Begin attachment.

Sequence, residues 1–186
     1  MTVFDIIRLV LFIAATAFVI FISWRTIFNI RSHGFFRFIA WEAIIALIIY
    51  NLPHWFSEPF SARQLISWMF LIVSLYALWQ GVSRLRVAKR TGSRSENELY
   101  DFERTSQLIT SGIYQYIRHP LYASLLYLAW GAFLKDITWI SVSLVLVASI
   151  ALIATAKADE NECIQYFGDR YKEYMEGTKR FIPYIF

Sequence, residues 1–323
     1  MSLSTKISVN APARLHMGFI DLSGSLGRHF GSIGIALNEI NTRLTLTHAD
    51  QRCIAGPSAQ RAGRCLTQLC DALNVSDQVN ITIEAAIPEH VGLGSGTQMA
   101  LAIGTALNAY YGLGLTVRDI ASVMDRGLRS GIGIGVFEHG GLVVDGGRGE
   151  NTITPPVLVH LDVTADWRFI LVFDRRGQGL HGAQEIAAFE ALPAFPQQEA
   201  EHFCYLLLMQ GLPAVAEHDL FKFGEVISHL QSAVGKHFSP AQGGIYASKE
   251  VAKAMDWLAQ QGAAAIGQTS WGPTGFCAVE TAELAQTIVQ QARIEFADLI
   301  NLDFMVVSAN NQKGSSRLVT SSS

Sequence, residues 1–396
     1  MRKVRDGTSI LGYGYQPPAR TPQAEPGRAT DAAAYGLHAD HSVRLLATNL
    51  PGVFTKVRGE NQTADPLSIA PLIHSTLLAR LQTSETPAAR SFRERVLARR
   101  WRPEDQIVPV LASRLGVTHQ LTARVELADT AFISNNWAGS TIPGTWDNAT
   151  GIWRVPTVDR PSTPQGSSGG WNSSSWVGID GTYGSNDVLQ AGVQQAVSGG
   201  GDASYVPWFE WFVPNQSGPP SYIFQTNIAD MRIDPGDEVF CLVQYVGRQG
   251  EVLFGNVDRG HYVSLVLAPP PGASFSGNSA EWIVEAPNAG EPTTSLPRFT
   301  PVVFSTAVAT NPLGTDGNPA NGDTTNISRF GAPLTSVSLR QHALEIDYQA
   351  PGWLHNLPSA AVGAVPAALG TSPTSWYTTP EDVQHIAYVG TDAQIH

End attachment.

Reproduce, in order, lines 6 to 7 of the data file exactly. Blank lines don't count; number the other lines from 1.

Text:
Sequence, residues 1–323
     1  MSLSTKISVN APARLHMGFI DLSGSLGRHF GSIGIALNEI NTRLTLTHAD